With regards to the other streets, Albert (1928) and Edward (1919) Streets were apparently named in honour of Albert Edward, at that time, King Edward VII, formerly the Prince of Whales. Prince’s Street running parallel to these had been named in 1904 at the request of Mrs. Prince after her husband George Prince, a surveyor who lived at “Victoria House” on the site of Corfu flats. Grassfield Road (named 25.9.1911) was formerly known as Rosmead Row – the site of Rosmead Central Primary School was a grassy field (part of the block still is). Harvey Road was also named in 1904, apparently after a local resident, Mrs. L Harvey who lived in Glastonbury Road (Third Avenue). “Leraar” means minister (of religion) or teacher and Leraarstraat leads into the grounds of Livingstone High School which might suggest that it was an entrance used by teachers. Alternatively, the street also runs next to a church – previously the Dutch Reformed Mission of Claremont (which was sold to the Church of the Nazarenes in 1975 after the coloured congregation was forced to move away under the Group Area Act) and could refer to the Minster there. McBride’s Lane was named on 8.9.1908, most probably after J McBride who owned a shop in Second Avenue – presumably the shop was on the corner of McBride’s Lane. Mathew Road appears in the street directory for 1930 and was apparently named after Frank Carlton Mathew who lived at “Moorlands” in Rosmead Avenue, next to Mathew Road. He was a director of Heynes Mathew Ltd, “Wholesale and Manufacturing Chemists” and served as a municipal councilor for one year (1903 – 1904) Carlton Road (his second name) leads off Rosmead Avenue, directly opposite to where his house, “Moorlands”, stood. (49)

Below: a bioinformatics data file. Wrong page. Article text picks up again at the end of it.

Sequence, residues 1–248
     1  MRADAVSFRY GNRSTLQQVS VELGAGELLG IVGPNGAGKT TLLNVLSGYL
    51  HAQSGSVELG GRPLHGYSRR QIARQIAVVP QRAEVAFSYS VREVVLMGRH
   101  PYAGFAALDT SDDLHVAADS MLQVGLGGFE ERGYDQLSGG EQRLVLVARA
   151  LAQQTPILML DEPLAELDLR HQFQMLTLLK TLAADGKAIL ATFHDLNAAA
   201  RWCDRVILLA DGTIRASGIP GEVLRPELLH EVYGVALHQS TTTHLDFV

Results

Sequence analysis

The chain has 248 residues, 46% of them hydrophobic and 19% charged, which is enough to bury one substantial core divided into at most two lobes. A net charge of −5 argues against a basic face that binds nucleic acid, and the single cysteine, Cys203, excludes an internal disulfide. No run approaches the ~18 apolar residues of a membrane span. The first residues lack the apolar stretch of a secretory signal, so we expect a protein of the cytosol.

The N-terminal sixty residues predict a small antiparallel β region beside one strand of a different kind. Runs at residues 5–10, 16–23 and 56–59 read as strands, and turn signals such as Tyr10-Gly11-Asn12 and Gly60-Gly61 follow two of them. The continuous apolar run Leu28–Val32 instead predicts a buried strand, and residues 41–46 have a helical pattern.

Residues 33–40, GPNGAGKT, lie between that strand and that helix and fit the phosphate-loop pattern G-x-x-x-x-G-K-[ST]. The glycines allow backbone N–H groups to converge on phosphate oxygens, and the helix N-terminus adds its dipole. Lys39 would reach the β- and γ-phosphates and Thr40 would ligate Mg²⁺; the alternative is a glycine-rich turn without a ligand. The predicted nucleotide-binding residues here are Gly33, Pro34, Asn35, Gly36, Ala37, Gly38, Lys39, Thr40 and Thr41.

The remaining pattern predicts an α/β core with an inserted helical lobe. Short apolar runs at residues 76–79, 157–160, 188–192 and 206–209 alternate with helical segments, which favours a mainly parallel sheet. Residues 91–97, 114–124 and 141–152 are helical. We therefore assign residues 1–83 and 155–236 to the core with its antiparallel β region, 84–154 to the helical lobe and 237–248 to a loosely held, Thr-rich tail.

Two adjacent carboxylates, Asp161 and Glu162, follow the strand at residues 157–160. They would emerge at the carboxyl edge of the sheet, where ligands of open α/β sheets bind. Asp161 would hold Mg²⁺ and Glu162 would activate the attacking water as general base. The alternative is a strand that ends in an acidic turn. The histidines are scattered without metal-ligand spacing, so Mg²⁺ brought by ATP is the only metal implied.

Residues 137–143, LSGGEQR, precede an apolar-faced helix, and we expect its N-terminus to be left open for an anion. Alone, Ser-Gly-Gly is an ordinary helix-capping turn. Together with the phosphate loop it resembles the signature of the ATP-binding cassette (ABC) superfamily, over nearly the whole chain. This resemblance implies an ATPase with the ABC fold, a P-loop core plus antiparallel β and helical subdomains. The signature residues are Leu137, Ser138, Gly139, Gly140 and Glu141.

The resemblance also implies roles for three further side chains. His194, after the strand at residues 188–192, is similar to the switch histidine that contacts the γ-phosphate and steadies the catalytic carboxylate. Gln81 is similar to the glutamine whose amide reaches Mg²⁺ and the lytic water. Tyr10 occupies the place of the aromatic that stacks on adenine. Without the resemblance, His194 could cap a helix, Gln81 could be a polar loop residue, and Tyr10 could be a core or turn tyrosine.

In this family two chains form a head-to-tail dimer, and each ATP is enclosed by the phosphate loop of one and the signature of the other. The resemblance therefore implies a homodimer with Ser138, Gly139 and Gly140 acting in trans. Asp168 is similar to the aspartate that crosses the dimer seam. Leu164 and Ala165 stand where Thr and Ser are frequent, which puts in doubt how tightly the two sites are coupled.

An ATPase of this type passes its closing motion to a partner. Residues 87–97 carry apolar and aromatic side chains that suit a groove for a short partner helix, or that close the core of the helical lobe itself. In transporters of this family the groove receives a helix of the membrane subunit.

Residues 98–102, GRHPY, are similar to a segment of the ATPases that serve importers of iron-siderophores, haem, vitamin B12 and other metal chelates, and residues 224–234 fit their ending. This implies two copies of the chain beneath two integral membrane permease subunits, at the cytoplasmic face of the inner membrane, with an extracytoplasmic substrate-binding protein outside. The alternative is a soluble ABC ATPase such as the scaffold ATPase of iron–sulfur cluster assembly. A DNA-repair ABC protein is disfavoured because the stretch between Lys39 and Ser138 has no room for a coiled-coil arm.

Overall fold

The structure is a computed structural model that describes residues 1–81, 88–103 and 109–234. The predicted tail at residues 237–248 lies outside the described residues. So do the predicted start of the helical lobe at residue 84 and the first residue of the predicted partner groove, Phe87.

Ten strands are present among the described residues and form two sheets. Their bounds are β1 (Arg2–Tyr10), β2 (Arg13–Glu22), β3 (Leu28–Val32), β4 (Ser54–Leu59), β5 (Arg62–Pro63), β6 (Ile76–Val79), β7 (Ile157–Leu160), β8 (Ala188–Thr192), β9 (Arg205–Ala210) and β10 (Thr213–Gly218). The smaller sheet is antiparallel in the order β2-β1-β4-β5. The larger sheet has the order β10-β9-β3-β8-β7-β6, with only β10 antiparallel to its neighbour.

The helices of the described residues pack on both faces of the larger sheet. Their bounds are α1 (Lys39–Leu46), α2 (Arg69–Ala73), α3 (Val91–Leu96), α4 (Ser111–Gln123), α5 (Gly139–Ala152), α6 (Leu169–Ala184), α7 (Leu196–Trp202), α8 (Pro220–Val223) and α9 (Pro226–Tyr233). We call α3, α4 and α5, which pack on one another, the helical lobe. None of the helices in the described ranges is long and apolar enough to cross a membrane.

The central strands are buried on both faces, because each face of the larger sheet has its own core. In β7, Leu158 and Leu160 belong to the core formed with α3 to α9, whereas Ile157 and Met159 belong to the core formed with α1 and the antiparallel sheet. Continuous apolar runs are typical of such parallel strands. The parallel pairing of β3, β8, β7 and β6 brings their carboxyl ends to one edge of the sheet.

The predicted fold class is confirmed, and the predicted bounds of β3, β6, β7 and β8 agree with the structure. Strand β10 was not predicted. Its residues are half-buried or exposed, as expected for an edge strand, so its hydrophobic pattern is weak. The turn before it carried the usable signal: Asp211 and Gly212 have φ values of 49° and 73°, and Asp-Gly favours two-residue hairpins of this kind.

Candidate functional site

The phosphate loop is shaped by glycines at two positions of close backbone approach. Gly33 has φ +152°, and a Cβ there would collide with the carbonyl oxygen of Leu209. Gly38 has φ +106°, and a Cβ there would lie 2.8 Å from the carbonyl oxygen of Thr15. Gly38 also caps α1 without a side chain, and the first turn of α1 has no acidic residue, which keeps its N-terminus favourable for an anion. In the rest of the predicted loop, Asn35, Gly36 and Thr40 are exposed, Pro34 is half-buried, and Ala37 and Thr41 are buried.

The buildings on the corner of Third Avenue and Peffers Street (Abbot’s College Residence) were formerly the Janet Bourhill Institute. In the 1920’s, Miss Bourhill envisaged a properly designed building in Claremont from which to continue to promote the Christian, social and educational work which she had begun amongst the “non-European” community in Claremont, along with Mary Atlee (sister of Clement Attlee, later British Prime Minister). After Janet Bourhill’s death in 1933, Miss Attlee continued to raise funds for a community centre and Clarendon Hall at No. 77 Third Avenue and the Janet Bourhill Institute at No. 79 were eventually built in 1944. General George Peffers, a Scottish bachelor was a friend of Miss Bourhill and Miss Attlee and bequeathed more than £30 000 to the Institute. Thus Peffers Street was named in his honour. Wesley Street was named on 9.9.1904 as it led to the “Wesleyan Chapel” in Second Avenue, now called the Kenilworth Methodist Church – John Wesley was the founder of Methodism.